After your comments, and talking with an associate last evening about this, I'm leaning towards using a different subnet(s) for Site B just for the sake of routing/NAT overhead of management and packet data being sent over the tunnel. I know Veeam has a great feature that you can reconfigure networking within the backup/replicate settings so if we need to turn on, on Site B, we would not have to reconfigure anything and it would automatically be registered in DNS on a domain controller at that location as an address change.
Unfortunately I've not had much time to research this, and the little time that I've had to look, it doesn't seem there is much information as to what people are doing in this type of scenario.
Are you running anything similar to this? I don't think the Cisco option is viable at the moment, as we are a small shop. Thanks for your response Josh.
...well we are working on a hot site co-lo effort based on Cisco's OTV using Nexus 7000s, with 1Gig dark fiber as the co-lo circuit....so Im not sure if I can offer much advise for your type of senario. For a small shop, your DR project might be something to involve a 3rd party consultant if your business requirements need it to absolutely work.
What I can tell you from what I have concluded through budget research efforts for our company's DR model, is that basically DR sites and co-location is not a defined thing that you can grab a standard design template off a Google search and deploy it, because the business requirements in each given situation will dictate what the design will be (ei, simple data backup site, cold/warm/hot site) and how much you can spend on it. Most businesses will need to take small steps, one at a time, to reach a desired DR model.
Given that, one will probably find an industry trend that small businesses typically will limit DR efforts to doing data replication, log shipping via a IPSec VPN for example. Mostly, you will find that WAN bandwidth to a co-location/DR site will dictate what type of DR model you build out and how much a company is willing to spend on it. A DR design such as a cold site that stores replicated gigabytes of data, or maybe some backups of production VMs, will require decent bandwidth itself, with offline replication often happening during off hours depending on your technology. You'll find that an IPSec VPN will very quickly saturate for what you are trying to build out.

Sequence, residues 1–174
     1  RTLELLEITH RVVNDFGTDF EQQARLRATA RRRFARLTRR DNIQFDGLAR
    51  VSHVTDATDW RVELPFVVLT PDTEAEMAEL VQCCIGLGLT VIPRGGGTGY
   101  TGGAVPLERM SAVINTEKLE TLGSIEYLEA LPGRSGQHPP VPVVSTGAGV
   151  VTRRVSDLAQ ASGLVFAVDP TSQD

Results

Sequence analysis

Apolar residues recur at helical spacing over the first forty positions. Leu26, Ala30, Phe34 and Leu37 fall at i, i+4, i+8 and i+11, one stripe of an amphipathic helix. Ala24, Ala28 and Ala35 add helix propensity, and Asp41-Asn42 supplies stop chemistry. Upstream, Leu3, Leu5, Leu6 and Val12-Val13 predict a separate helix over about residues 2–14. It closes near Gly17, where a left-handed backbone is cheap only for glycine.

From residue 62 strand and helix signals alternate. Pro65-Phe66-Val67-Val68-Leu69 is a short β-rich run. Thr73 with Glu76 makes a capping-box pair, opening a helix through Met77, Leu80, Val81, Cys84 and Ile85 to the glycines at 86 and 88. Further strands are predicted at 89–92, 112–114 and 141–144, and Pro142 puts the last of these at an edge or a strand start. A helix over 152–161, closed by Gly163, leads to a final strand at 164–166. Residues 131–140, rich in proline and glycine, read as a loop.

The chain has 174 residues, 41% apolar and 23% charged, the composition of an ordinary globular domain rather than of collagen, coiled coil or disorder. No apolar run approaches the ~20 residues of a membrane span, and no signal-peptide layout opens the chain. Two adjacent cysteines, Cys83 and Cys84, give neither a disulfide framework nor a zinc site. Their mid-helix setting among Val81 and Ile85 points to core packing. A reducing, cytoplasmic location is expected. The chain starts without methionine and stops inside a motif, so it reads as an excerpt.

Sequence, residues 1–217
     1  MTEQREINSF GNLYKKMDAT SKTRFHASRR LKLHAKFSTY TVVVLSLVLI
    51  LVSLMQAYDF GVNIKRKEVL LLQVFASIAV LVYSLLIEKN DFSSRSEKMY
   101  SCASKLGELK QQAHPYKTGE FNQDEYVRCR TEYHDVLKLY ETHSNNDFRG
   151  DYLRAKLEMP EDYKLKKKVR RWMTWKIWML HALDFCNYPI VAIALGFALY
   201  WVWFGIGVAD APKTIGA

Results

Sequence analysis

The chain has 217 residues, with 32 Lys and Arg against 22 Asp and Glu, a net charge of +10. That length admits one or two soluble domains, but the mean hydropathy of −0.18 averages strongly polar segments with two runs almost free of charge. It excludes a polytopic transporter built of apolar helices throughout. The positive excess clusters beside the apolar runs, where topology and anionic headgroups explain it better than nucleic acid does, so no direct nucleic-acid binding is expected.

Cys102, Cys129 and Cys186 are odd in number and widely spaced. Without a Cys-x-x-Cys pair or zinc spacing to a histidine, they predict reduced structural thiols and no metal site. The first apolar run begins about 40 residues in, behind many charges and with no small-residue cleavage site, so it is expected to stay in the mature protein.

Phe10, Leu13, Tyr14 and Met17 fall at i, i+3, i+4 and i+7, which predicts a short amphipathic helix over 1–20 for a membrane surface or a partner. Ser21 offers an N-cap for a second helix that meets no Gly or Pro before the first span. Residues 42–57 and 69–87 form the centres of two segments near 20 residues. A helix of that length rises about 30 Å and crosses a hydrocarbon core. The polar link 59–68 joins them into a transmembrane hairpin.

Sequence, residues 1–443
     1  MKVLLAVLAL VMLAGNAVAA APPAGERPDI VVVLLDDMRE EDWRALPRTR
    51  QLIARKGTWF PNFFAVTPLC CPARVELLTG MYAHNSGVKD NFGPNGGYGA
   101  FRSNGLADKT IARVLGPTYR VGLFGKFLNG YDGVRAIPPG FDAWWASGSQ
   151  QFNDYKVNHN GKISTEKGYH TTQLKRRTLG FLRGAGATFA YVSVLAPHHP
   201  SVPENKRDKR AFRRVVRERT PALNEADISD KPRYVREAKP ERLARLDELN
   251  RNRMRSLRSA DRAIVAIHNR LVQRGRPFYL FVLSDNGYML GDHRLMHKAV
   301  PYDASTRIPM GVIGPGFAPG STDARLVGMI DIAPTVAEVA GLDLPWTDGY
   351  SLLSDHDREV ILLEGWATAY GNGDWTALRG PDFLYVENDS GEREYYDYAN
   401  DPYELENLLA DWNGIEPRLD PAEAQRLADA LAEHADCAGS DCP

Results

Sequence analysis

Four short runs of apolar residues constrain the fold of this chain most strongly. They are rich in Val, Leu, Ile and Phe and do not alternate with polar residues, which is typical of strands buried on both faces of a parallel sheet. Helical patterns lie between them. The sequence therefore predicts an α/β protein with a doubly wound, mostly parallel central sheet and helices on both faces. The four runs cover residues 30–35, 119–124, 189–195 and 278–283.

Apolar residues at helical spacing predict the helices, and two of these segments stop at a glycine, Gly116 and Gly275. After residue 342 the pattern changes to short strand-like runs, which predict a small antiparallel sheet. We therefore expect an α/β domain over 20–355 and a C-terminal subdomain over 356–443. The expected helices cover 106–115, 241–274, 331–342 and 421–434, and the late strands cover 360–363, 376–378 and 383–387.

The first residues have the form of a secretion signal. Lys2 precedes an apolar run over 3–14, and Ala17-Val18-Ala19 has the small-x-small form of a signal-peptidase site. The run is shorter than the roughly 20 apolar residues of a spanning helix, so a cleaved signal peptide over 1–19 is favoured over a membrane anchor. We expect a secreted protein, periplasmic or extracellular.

Any more significant design than a very basic cold site such as I described, will most likely require a dedicated WAN medium or private circuit to the co-location for feasibility of the technology involved....and once you get into purchased bandwidth/WAN circuits, whatever medium you choose to use, the coin dropped on these efforts start quickly start sky rocketing and at that point your business may as well implement a decent, [more]expensive solution. Thus, you'll find that larger business and enterprises with expensive data to protect are are the ones spending dollars on DR and co-lo cold/warm/hot sites or farming out the DR model's physical infrastructure to a cloud computing service or third party.
Hope that helps.
Thanks for your input and help in thinking through this stuff. We decided to use separate IP ranges at Site-B to help with the design and complexities of what we are trying to do. Especially when only a handful (if that) will be live on the other side, and all others will be replicated over the tunnel. We will reproduce our site-A network on the other side incase site-A goes away completely we can turn up replicas/backups on the otherside as if networks never changed. Hope that make sense. Thanks for your input.